Debt fund investors, beware. The credit quality of Indian companies has become a major concern for fund houses, which may eventually face a shortage of reliable debt securities. As the possibility of too much money chasing too few papers looms large, the risks for debt fund investors will increase.
The slipping credit quality will narrow down the universe of debt funds, which have lately attracted many investors because of various reasons. A section of them has moved towards debt — away from other asset classes, notably equity, which has remained volatile for fairly long. Debt funds have scored because of their consistency and reliability.
In the emerging scenario, investors need to be aware of the risks — particularly, credit risk — which debt funds carry.
An issuer of a security (such as a debenture or a bond) is expected to meet all payment obligations. Credit risk occurs when such an issuer defaults on payment of interest or repayment of principal. Even when no default occurs, the price of a security may get modified if the credit rating of the issuer changes.
Debt funds’ exposure to corporate bonds is a moot point here. Within the world of bonds, there are various levels of security, denoted by credit ratings. Investors should appreciate the significance of well-rated papers in their portfolios.
The better rated papers tend to be less risky. For instance, AAA or P1+ rated instruments are comparatively more reliable than AA or P1 rated securities. Fund managers are often at a liberty to increase or pare their allocations to such instruments, depending on their strategies and investment objectives. In comparison, a government security is a safe bet because of its sovereign status.
The other major risk stems from interest rates. As everyone familiar with debt funds know, the price of a fixed-income instrument will normally decline when interest rates increase, and vice-versa. The nature of increase or decrease in prices depends on the coupon and maturity of the security. The net asset value (NAV) of a fund will change as a consequence. Thus, the NAV is expected to move up from a fall in interest rates, and it will decline when there is an increase in interest rates.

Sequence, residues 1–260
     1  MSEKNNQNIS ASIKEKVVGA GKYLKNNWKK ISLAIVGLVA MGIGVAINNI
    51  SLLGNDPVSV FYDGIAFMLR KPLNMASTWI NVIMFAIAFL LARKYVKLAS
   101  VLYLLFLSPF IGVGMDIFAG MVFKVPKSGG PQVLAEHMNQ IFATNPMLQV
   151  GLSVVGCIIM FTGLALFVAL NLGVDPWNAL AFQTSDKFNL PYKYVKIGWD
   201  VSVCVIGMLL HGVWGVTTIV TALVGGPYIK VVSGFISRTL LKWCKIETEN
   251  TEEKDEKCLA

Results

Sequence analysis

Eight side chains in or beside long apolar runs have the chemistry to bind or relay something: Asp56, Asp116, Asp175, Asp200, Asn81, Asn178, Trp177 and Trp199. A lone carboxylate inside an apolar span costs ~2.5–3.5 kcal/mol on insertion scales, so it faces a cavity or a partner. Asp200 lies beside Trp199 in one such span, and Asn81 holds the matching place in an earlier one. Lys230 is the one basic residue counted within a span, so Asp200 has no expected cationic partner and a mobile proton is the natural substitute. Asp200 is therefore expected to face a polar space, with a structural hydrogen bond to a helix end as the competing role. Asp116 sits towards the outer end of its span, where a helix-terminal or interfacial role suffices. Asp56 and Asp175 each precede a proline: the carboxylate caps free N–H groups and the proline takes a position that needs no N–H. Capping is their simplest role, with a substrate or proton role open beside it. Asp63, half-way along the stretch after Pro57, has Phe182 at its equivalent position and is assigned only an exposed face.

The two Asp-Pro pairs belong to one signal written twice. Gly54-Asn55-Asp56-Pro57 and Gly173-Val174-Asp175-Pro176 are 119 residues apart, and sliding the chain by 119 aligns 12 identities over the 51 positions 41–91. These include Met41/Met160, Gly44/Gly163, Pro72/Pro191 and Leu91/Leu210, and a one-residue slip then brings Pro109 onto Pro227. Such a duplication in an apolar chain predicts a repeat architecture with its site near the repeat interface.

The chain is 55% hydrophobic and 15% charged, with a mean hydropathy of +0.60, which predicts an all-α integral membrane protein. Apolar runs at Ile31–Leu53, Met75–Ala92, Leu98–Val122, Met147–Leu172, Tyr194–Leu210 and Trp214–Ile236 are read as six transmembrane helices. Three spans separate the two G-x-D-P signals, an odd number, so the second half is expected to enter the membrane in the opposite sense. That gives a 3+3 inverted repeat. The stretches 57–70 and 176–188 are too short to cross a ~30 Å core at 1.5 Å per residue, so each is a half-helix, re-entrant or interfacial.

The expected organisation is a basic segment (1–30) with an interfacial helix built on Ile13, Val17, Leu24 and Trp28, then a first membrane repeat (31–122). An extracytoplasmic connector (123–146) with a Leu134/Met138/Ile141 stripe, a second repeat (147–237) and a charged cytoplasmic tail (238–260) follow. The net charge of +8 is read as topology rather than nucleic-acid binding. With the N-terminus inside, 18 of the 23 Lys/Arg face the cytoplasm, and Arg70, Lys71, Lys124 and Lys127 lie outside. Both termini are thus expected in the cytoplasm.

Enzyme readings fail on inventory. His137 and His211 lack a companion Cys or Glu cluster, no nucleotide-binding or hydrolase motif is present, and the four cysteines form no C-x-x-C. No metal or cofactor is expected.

The universe of debt funds has to wrestle with several other risks as well. For instance, the liquidity of fixed-income securities may change as a result of certain market conditions. At the time of selling, a security can turn illiquid, resulting in loss in the value of the portfolio.
The matter needs to be viewed in the backdrop of strong signals coming from key sources such as rating agencies. Crisil has, for instance, recently revealed that its credit ratio (that is, the ratio of rating upgrades to downgrades) stood at 0.87 times for the first six months of the current financial year.
Over 85 per cent of the downgrades occurred because of two reasons: a slowdown in demand and a stretch in liquidity. The latter is a result of delay in receivables. What is worrying is the agency’s belief that the credit quality of companies will stay weak over the near term — not a small problem, especially so in the context of high interest rates.
Clues gleaned from the banking sector are also clearly tell-tale. Non-performing assets of Indian banks are expected to increase, which, seen in a scenario marked by slowing demand, can indeed be a major worry.
So, what will sustain and drive the credit quality in the days ahead? The positive factors, I feel, will be mostly company-specific and not industry-specific. A select number of companies will be able to do better, which will be reflected in satisfactory debt-servicing measures.
Some corporates will be able to modify their capital configuration, either through additional equity or decrease in debt. In a few exceptional cases, the concerned sectors will gain from healthier business conditions. Typically, these sectors are not overly dependent on investment cycles.
It is too early to suggest that Indian companies will soon throw up more defaults. But if it does happen, institutional investors (including asset management companies) will be faced with bigger questions concerning the creditworthiness of business entities.
The need for quality assets is already quite pronounced at this juncture. I must point out here that the chances of credit downgrades and defaults are rather high during an economic crisis. That such a crisis exists today is evident from many fundamental factors. There are a large number of leveraged companies (simply put, these are entities that finance their businesses with debt). Their presence compounds the problem.
In this situation, I will suggest a few options that debt fund investors should explore:
n Existing investors can modify their allocations to accommodate debt funds that are less risky. Opting for fixed maturity plans can be a good idea as their yields are quite predictable.
n A new investor should think twice before investing in funds that carry high exposure to such companies. Go ahead only if you have the appetite for the risk associated with these funds.
n Fresh allocations may be done in a graded manner, ideally through SIPs (systematic investment plans). You can select funds, amounts of investment and dates of entry according to your convenience.
n If you are still not comfortable, make at least a partial exit from funds and invest in fixed deposits. The latter will get you guaranteed returns.
Remember, debt funds indeed have lower risk compared to equity funds. But this is not the reason why you should disregard their risk altogether. All debt funds are market-linked, their yields are determined by fund managers’ skills. Returns are not guaranteed; not even capital preservation is assured.
You should always consult a professional financial advisor who can explain the risks, dispel the myths and guide your investments.
The author is director, Wishlist Capital Advisors